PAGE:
Short and quick though it may be, On Bullshit does have a thought-provoking thesis, and it’s a sobering one. Not merely a curiosity, On Bullshit has hit a cultural nerve with its central proposition: a bullshitter is more dangerous than a liar. Frankfurt argues that someone can only lie if he believes that what he is saying is not true. Bullshit may or may not be true—the bullshitter doesn’t care. He is motivated only by strategic concerns: what do I need to say to get what I want? “It is impossible for someone to lie unless he thinks he knows the truth. Producing bullshit requires no such conviction,” Frankfurt concludes. “A person who lies is thereby responding to the truth, and he is to that extent respectful of it. […] For the bullshitter, however, all bets are off: he is neither on the side of the true nor on the side of the false.”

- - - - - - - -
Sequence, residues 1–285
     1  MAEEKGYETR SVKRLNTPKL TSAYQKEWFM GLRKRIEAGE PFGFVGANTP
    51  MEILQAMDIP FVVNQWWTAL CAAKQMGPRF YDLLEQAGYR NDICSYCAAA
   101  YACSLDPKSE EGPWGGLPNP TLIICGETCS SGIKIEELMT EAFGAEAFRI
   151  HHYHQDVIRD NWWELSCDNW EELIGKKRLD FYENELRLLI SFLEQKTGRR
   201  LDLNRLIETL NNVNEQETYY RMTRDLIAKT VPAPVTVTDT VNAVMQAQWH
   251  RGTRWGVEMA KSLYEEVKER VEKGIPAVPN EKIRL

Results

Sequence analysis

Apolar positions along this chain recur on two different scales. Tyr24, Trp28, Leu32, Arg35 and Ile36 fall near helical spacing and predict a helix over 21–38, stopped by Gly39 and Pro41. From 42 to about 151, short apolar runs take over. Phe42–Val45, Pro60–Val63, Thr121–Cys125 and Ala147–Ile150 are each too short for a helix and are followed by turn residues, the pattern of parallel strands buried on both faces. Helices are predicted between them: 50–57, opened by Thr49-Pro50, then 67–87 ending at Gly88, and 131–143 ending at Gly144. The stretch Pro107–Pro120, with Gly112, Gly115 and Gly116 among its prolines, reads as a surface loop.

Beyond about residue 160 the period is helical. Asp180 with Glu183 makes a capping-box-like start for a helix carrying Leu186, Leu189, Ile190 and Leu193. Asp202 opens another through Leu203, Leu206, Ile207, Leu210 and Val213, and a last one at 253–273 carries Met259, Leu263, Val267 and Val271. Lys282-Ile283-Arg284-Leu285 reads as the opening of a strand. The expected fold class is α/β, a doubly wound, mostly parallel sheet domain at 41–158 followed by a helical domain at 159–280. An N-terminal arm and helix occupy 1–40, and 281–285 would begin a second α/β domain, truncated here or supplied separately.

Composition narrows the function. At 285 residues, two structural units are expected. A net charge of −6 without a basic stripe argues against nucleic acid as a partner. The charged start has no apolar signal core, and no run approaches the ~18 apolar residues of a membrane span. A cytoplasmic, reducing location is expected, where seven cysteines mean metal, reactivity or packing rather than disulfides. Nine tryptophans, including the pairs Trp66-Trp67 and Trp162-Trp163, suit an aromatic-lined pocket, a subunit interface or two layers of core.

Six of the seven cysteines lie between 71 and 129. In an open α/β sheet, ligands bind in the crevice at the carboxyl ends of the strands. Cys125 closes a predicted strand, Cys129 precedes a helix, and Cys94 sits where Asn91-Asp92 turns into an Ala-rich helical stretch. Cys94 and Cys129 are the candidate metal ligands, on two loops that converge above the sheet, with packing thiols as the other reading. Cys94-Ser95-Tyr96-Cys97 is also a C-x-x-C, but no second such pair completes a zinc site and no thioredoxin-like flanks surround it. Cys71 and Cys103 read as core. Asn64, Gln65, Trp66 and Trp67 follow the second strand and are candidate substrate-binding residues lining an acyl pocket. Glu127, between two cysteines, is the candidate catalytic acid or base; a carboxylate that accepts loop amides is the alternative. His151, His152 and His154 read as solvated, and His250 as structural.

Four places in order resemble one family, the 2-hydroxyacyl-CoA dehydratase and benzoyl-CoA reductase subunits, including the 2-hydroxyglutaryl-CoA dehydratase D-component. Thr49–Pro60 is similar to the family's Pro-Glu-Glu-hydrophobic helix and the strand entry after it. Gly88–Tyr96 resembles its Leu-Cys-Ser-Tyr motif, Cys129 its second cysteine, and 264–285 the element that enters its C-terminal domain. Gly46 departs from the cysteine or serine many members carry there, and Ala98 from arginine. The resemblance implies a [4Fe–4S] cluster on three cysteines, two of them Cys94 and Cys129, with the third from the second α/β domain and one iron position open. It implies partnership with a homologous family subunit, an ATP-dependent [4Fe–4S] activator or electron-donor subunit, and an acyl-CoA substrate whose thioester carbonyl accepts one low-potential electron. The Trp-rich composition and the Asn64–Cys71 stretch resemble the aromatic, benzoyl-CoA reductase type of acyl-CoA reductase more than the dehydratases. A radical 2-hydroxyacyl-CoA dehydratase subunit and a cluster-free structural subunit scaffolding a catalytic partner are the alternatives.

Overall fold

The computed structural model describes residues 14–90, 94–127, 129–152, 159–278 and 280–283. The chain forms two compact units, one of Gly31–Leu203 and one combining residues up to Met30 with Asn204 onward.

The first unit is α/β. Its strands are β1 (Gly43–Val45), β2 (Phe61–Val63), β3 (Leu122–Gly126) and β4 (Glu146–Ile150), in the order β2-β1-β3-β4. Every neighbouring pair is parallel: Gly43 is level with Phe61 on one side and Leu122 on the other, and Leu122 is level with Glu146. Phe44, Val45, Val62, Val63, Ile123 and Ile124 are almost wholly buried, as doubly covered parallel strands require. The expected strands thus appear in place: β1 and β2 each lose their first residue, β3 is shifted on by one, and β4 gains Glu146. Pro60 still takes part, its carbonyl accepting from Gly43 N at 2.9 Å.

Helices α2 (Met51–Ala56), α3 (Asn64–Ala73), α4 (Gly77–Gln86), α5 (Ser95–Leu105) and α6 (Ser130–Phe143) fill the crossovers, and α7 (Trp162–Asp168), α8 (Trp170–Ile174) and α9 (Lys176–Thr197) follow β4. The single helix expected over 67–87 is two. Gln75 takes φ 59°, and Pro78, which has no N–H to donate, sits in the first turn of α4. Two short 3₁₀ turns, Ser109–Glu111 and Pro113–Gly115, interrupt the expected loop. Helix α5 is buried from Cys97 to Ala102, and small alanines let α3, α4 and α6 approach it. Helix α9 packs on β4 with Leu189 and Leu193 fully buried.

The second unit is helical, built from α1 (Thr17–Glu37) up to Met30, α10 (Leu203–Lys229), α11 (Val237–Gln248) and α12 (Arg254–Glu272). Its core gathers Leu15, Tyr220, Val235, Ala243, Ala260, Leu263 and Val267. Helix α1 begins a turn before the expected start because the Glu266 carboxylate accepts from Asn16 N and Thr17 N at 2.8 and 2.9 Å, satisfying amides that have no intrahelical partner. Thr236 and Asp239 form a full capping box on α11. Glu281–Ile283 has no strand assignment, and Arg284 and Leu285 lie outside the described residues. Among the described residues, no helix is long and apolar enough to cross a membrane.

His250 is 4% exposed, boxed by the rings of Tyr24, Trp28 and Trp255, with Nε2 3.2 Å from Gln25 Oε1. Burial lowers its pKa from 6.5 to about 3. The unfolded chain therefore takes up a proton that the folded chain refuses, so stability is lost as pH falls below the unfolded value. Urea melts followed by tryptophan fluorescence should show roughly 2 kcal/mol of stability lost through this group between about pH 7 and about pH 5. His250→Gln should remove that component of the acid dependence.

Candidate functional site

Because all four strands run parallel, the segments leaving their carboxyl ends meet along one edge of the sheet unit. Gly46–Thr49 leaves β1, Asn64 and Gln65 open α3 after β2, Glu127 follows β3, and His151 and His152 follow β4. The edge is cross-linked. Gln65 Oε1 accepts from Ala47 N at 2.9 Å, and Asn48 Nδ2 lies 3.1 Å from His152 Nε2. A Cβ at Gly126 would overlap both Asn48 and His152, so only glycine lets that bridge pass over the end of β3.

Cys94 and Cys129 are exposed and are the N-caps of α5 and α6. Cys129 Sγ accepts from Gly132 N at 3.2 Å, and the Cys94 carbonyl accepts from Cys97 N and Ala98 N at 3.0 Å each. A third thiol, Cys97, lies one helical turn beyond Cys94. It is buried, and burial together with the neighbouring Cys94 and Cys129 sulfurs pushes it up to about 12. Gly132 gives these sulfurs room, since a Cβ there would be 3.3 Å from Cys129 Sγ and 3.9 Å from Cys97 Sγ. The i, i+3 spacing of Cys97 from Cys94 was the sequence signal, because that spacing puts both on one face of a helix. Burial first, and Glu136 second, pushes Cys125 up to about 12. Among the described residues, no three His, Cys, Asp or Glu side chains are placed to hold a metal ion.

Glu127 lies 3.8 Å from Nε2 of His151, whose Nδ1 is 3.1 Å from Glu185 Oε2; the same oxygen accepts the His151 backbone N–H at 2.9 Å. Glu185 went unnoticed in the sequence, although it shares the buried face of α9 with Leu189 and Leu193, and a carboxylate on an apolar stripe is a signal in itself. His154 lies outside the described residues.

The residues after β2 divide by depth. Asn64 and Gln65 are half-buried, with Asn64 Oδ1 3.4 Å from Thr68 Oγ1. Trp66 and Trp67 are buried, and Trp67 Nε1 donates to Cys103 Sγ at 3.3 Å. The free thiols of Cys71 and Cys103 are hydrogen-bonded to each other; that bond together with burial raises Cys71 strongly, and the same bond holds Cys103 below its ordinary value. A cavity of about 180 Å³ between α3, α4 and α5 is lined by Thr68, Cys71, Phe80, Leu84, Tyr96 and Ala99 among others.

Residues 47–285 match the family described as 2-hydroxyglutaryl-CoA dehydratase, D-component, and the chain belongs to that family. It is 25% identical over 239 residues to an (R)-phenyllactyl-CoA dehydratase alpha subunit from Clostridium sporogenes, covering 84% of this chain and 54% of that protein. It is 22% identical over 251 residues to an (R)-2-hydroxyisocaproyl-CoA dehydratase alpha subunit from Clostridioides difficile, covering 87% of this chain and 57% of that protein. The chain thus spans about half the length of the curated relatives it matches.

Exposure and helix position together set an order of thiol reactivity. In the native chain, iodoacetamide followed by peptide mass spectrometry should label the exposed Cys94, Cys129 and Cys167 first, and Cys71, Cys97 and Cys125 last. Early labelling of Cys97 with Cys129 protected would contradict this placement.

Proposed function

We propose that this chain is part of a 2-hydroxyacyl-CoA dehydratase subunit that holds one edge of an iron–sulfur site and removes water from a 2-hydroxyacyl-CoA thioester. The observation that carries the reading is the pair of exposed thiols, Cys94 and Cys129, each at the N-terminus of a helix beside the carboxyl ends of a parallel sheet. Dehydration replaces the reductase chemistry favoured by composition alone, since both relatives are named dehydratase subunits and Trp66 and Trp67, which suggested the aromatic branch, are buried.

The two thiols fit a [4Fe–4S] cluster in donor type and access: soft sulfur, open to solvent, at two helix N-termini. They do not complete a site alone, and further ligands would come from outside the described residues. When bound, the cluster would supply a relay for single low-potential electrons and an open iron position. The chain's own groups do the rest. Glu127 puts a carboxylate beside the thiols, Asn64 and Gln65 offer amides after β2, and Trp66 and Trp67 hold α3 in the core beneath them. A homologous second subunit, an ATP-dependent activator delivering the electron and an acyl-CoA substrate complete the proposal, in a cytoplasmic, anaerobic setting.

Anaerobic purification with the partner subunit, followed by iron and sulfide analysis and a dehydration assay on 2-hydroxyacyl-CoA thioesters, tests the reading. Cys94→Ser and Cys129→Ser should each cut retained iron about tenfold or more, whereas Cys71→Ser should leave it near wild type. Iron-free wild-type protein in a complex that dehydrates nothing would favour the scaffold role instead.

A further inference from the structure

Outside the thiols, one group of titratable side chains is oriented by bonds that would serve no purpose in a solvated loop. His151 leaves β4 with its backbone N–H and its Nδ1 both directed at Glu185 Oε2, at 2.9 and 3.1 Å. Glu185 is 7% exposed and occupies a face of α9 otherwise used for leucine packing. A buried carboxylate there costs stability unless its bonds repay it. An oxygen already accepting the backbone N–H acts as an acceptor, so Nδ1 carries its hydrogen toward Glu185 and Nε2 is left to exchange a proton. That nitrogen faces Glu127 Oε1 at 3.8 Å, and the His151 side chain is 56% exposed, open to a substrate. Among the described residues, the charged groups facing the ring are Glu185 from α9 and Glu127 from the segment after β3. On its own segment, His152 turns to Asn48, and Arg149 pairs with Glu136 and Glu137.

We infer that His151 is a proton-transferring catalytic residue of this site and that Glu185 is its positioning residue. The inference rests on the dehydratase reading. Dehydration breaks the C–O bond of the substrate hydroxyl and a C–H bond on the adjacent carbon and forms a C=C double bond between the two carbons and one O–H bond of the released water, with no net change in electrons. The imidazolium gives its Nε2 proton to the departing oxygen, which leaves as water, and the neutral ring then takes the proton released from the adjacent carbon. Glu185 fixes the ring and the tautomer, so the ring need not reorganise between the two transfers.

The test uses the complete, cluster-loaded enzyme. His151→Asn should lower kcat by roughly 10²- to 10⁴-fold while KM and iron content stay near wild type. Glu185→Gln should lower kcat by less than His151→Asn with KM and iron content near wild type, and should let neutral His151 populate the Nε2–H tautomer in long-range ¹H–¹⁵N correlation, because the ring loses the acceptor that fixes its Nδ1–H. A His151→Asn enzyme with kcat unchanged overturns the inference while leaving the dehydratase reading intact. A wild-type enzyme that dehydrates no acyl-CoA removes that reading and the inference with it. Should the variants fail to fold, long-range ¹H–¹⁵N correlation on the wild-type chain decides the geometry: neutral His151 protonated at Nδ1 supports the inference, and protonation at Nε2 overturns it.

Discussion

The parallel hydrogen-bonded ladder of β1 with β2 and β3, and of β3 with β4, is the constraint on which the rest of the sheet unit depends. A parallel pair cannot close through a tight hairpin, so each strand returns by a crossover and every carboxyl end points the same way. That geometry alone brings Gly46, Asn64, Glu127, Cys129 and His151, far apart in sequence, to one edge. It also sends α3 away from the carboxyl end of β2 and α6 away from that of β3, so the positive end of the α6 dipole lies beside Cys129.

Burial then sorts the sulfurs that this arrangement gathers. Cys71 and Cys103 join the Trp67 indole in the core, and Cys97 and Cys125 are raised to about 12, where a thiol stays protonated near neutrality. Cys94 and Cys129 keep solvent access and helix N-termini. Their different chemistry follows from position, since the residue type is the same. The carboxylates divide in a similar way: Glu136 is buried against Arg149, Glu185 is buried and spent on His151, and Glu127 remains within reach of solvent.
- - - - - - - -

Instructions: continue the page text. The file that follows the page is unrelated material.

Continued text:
In fairness, Frankfurt did not actually write On Bullshit with anything so trivial as undergraduate papers in mind, at least not primarily. “I’m a philosopher, not just by profession but by nature,” he explained to Matt Lauer, “and I’ve always been concerned about the importance of truth and respect of the truth and love of the truth. And dismayed by the prevalence of deformities of the truth and contempt for the truth and lack of respect for it.”
Politics, of course, and the frenzied media coverage thereof, is a prime arena for bullshit in contemporary American culture. Frankfurt does not include real-life examples of bully-pulpit bullshit in his essay, but he does address political rhetoric more generally. In the following passage, he considers Max Black’s definition of humbug (closely related, for Frankfurt, to bullshit):